Glossary of Terms



Carbon dioxide (CO2)

The chemical compound carbon dioxide (also known by its shorthand CO2) is the primary greenhouse gas and driver of climate change. It is an integral part of life cycles on earth, produced through animal respiration (including human respiration) and absorbed by plants to fuel their growth, to name just two ways. Human activities are drastically altering the carbon cycle in many ways. Two of the most impactful are: one, by burning fossil fuels and adding more carbon dioxide into the atmosphere; and two, by affecting the ability of natural sinks (like forests) to remove carbon dioxide from the atmosphere.


Massachusetts State government including all the legislative, executive, and judicial branches that comprise the state government.


Emissions refer to greenhouse gases released into the air that are produced by numerous activities, including burning fossil fuels, industrial agriculture, and melting permafrost, to name a few. These gases cause heat to be trapped in the atmosphere, slowly increasing the Earth’s temperature over time.

Fossil Fuels

Fossil fuels are sources of non-renewable energy, formed from the remains of living organisms that were buried millions of years ago. Burning fossil fuels like coal and oil to produce energy is where most greenhouse gases originate. As the world has developed and demand for energy has grown, we have burned more fossil fuels, causing more greenhouse gases to be trapped in the atmosphere and air temperatures to rise.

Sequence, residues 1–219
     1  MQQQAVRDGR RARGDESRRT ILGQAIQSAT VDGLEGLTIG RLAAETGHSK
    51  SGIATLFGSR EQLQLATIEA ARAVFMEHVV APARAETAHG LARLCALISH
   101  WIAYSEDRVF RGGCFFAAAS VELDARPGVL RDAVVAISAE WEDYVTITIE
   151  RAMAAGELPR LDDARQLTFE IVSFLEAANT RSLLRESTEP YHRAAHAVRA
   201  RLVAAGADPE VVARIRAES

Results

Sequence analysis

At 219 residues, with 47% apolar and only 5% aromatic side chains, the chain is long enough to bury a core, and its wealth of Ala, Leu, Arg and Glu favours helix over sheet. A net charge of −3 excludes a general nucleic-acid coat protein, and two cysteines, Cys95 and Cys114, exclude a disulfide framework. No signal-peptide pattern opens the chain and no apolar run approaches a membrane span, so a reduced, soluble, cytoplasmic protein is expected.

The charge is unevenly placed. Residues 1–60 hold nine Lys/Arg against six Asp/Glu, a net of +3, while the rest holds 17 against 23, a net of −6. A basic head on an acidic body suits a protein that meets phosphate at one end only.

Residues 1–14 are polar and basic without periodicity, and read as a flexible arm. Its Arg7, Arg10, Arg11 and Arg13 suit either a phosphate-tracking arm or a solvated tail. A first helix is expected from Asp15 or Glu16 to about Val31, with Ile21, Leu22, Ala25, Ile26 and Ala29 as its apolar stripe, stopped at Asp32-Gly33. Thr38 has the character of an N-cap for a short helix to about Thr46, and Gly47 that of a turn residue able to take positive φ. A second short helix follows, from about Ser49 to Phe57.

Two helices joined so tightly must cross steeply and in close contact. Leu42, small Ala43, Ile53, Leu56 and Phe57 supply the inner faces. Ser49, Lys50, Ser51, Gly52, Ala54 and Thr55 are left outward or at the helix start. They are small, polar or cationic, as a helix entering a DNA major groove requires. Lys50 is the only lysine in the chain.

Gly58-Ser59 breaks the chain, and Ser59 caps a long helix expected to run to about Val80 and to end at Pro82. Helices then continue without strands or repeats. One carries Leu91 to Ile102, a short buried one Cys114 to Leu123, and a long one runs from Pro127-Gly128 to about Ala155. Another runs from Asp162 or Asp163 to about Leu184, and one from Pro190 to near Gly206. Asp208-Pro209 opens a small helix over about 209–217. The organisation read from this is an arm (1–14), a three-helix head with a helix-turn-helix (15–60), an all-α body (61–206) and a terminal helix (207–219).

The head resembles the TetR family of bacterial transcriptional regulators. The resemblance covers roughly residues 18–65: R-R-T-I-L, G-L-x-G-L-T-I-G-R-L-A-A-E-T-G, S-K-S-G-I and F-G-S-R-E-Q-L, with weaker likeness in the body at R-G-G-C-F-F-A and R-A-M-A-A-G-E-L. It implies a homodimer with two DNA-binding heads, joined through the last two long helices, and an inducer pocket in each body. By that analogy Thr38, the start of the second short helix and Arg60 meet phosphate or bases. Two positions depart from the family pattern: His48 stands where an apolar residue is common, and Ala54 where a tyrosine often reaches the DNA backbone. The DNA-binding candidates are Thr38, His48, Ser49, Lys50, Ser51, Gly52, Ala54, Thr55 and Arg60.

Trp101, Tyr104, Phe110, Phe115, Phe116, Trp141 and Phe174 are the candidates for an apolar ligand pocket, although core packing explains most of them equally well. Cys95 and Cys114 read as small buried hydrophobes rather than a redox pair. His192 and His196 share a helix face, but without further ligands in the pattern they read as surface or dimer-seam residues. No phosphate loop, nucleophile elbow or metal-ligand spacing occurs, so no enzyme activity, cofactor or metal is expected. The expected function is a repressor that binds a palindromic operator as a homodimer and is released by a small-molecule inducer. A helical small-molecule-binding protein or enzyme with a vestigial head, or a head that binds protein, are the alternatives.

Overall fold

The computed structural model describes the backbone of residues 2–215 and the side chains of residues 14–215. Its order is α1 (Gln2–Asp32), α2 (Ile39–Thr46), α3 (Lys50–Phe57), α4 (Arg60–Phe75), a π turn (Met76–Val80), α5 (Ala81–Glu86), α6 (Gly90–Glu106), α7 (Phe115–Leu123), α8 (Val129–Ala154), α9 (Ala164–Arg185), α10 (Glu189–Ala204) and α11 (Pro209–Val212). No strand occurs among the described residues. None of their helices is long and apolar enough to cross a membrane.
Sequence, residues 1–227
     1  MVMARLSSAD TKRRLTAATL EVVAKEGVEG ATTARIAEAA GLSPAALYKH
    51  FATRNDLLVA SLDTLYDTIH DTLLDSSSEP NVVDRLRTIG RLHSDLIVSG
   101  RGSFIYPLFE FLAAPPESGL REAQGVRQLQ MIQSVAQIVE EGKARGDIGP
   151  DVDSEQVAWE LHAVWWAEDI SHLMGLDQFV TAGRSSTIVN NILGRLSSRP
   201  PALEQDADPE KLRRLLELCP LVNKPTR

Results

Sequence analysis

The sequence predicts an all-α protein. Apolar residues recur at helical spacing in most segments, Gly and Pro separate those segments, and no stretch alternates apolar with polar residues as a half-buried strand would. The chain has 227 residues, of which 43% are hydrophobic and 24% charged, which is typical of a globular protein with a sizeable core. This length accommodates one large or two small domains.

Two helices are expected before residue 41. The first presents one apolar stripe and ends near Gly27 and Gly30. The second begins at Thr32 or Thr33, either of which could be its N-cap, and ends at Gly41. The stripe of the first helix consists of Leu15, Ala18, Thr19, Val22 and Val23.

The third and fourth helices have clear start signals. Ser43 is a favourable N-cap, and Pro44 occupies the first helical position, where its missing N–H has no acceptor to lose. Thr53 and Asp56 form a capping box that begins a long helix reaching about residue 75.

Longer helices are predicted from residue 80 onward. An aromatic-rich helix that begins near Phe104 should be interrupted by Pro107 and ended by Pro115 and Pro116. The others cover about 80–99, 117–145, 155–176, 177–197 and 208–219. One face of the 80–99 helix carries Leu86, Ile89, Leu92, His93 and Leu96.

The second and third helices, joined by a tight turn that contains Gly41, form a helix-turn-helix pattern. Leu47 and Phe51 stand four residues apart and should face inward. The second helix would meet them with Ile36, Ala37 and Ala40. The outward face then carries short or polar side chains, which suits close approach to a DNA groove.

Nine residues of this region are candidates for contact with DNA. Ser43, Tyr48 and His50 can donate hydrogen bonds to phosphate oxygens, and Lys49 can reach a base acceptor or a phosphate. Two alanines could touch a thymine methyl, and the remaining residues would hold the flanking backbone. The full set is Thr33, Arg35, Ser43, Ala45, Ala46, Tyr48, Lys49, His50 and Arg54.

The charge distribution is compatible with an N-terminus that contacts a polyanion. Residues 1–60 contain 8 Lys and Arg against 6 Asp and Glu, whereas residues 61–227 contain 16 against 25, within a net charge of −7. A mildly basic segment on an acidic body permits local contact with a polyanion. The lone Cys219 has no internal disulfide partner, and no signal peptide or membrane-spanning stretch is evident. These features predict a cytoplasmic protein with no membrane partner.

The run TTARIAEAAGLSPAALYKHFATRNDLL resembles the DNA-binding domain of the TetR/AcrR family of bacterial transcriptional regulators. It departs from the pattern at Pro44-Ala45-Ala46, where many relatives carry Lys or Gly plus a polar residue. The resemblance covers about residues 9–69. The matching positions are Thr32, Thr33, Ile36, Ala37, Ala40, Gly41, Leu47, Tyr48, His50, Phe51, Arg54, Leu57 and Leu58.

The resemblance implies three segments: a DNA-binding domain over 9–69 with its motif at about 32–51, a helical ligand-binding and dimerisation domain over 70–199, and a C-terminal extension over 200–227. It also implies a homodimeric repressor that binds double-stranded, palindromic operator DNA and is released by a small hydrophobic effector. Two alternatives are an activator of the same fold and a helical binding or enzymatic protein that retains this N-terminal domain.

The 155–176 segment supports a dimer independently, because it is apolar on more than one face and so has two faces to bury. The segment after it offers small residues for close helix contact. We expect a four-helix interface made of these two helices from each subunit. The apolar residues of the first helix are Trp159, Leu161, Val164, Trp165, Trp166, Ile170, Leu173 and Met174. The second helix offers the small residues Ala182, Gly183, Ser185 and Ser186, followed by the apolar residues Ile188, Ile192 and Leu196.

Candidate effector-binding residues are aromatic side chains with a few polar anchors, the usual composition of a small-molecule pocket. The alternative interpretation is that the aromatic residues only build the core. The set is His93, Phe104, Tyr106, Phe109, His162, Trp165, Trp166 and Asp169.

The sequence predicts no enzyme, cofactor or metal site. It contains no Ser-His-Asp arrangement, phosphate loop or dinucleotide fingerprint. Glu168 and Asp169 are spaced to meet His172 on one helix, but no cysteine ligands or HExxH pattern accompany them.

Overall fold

Global average temperature

Global average temperature is a long-term look at the Earth’s temperature, usually over the course of 30 years, on land and sea. Because weather patterns vary, causing temperatures to be higher or lower than average from time to time due to factors like ocean processes, cloud variability, volcanic activity, and other natural cycles, scientists take a longer-term view in order to consider all the year-to-year changes.

Global warming vs climate change

Many people use these two terms interchangeably, but it is important to acknowledge the differences. Global warming is an increase in the Earth’s average surface temperature from human-made greenhouse gas emissions. On the other hand, climate change refers to the long-term changes in the Earth’s climate, or a region on Earth, and includes more than just the average surface temperature. For example, variations in the amount of snow, sea levels, and sea ice can all be consequences of climate change.

Greenhouse Gas

A greenhouse gas is a chemical compound found in the Earth’s atmosphere, such as carbon dioxide, methane, water vapor, and other human-made gases. These gases allow much of the solar radiation to enter the atmosphere, where the energy strikes the Earth and warms the surface. Some of this energy is reflected towards space as infrared radiation. A portion of this outgoing radiation bounces off the greenhouse gases, trapping the radiation in the atmosphere in the form of heat. The more greenhouse gas molecules there are in the atmosphere, the more heat is trapped, and the warmer it will become.

Greenhouse Gas Measurement